Business carbon impact worksheet   Household carbon impact worksheet

Read the large print

The decision a few weeks ago by the Town of Callicoon Town Board to reject a municipal solar project that would have been fully funded by New York State and its agencies left us dumbfounded. We have found it difficult to come up with a more trenchant response than “huh?” Fortunately, the void was filled eloquently by many of our readers on our Letters to the Editor pages, who detailed their astonishment that town officials would turn down the chance for an essentially free renewable energy system.

We can’t help wondering whether the public reaction made evident in these letters had some impact on the compromise reached Monday night, which calls for bids on a scaled-back project. But we still regret that the Town of Callicoon did not fully seize the opportunity that has been presented here for bold leadership in the renewable energy field at minimal cost. As detailed in “Callicoon Compromise” on page 1, one part of the compromise reached was to place panels on poles in an adjacent field rather than on the roof of the town barn. To the extent that evidence was presented that placement of solar panels would void the warranty on the roof, this seems like a reasonable solution.

But the continued refusal to implement a project at the town hall is baffling. One excuse given was that some utility poles and lines would cast shade on the panels. But an engineer, who presumably knows more about the matter than town politicians, testified that the shading would be negligible. Concerns were also voiced that some stray foul balls from the nearby ball field might hit the panels. This kind of excuse sounds to us like a grasping at straws.

One town official noted that he had not been elected to be a tree-hugger. Maybe not. But he was certainly elected to manage the taxpayers’ money in an effective and responsible manner. To obtain a source of energy for municipal buildings at close to zero installation cost, and at zero fuel cost over coming years, surely fills that bill. To go ahead with a project for the town barn, but balk at doing so for the town hall, is accordingly a partial abdication of fiduciary responsibility.

Some have objected that solar energy is not quite as free as it might appear to be. After all, there will be annual operating costs like maintenance even if it isn’t necessary to buy fuel. True. But there are also annual operating costs of traditional systems—in addition to the ever-rising cost of non-renewable fuels. The question is not whether there are operating costs, but whether they are lower. Again, solar is the clear winner. Will the cost of solar installation go down in the future? Who cares, if it’s fully subsidized now and won’t be later. Most likely, given the trend of 21st-century technology, the Town of Callicoon will someday put solar on their town hall. And whatever it costs, local taxpayers will foot the bill for the whole thing.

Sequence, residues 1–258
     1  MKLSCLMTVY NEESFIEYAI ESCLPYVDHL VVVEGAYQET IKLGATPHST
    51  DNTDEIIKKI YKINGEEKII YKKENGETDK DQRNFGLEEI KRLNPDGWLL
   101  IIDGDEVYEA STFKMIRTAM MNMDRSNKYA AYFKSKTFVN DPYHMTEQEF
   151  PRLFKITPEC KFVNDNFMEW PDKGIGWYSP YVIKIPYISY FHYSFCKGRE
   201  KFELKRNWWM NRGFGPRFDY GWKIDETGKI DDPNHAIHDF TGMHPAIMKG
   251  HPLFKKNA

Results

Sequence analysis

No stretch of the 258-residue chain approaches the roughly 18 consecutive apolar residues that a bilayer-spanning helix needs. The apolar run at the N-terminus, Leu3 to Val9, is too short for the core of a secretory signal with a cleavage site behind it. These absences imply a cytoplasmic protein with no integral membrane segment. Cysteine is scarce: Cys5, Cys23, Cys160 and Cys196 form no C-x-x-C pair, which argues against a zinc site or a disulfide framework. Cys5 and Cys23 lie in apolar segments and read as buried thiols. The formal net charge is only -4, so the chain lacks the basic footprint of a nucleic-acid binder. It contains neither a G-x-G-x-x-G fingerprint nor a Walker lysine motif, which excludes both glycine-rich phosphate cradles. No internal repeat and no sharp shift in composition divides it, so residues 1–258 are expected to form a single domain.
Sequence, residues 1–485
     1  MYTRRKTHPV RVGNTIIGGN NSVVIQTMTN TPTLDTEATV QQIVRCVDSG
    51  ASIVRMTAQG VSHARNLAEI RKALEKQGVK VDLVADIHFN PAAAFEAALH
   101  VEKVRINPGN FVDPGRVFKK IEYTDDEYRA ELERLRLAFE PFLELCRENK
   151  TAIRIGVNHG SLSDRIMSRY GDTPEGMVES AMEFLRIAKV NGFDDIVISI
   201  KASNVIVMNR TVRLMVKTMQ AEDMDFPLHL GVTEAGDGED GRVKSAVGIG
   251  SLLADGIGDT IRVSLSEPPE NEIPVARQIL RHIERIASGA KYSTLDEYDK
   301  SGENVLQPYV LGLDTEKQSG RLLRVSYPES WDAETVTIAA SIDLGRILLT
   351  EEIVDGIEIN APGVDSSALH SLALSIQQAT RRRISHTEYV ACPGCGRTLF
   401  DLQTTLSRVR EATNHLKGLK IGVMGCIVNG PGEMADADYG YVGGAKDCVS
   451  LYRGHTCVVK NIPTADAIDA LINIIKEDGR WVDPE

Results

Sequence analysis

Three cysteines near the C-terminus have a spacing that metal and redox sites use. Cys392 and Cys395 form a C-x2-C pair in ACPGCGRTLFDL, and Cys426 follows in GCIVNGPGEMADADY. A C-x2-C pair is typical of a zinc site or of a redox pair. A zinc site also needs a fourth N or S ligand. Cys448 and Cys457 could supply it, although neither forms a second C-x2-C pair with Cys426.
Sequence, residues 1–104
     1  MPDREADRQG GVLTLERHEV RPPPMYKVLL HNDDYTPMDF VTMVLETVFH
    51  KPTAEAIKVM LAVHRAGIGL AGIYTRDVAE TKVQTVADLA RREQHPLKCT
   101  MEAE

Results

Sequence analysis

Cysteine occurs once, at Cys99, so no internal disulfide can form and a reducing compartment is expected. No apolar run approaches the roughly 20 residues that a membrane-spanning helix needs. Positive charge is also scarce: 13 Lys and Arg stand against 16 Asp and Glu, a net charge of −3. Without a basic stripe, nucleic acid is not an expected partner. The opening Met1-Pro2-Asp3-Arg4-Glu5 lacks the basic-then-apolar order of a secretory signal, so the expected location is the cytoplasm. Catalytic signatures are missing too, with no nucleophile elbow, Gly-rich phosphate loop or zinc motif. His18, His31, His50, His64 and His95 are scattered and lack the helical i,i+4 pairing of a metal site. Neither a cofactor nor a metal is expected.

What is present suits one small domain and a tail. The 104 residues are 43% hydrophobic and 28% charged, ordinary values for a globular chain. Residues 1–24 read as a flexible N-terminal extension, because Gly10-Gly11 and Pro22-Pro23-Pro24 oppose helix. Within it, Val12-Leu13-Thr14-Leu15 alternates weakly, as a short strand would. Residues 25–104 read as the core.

But perhaps the most disappointing part of the whole affair is the failure in vision. Just last Tuesday, the headline of the Times-Herald Record blazoned: “Solar energy fuels local job growth.” Solar and other renewable energy sources are the way the winds of growth are blowing, and those who recognize this and seize upon it can reap huge economic benefits. While obsessing about the fine print of utility-pole shades and foul balls, members of the Callicoon Town Board are missing the large print: the possibility that Sullivan County can find a powerful 21st-century economic identity as a leader in green technologies.

Such an economic future would be attached to far higher standards of living than gambling—the last choice of the poor and desperate—or indiscriminate gas drilling, which could leave the area an industrial wasteland. The county has already begun to move in a green-industry direction. We are glad to see that Callicoon is willing to take a small step along with it by having the solar project rebid. But by scaling it down, they have left one foot planted firmly in the past of outdated technologies, when they could instead have been leading the county at the crest of the wave.

Also in this issue:

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Dr. Punnybone

Balled Eagle

Letters to the Editor

[EDITOR'S NOTE: The River Reporter welcomes letters on all subjects from its readers. They must be signed and include the correspondent's phone number. The correspondent's name and town will appear at the bottom of each letter; titles and affiliations will not, unless the correspondent is writing on behalf of a group.

Letters are printed at the discretion of the editor. It is requested they be limited to 300 words; correspondents may be asked to cut longer letters. Deadline is 1:00 p.m. on Monday.

Letters can be sent by e-mail to]

Justice not served

To the editor:

It seems to me that those appointed to office in our system need to know they are serving the people with “We trust in God.” If this truth were practiced every day with everything we say and do, justice would be truly served.

How in God’s name can they sleep knowing that one man voluntarily drinks alcohol, which we all know hinders your thoughts, words and actions, and winds up killing a beautiful, talented young woman, who had a lot to offer the world, and serves four months? Is this not a felony? Where is the bureau of Alcohol, Tobacco and Firearms?

On the other hand, here is a lovely, educated couple operating a beautiful business that serves its clientele with peace and honor. Mr. Morris has fallen through the cracks of the minds of the appointed. He did not ask to contract Lyme disease. Is it his fault the doctors did not detect this serious illness before it totally engulfed his physical and mental being?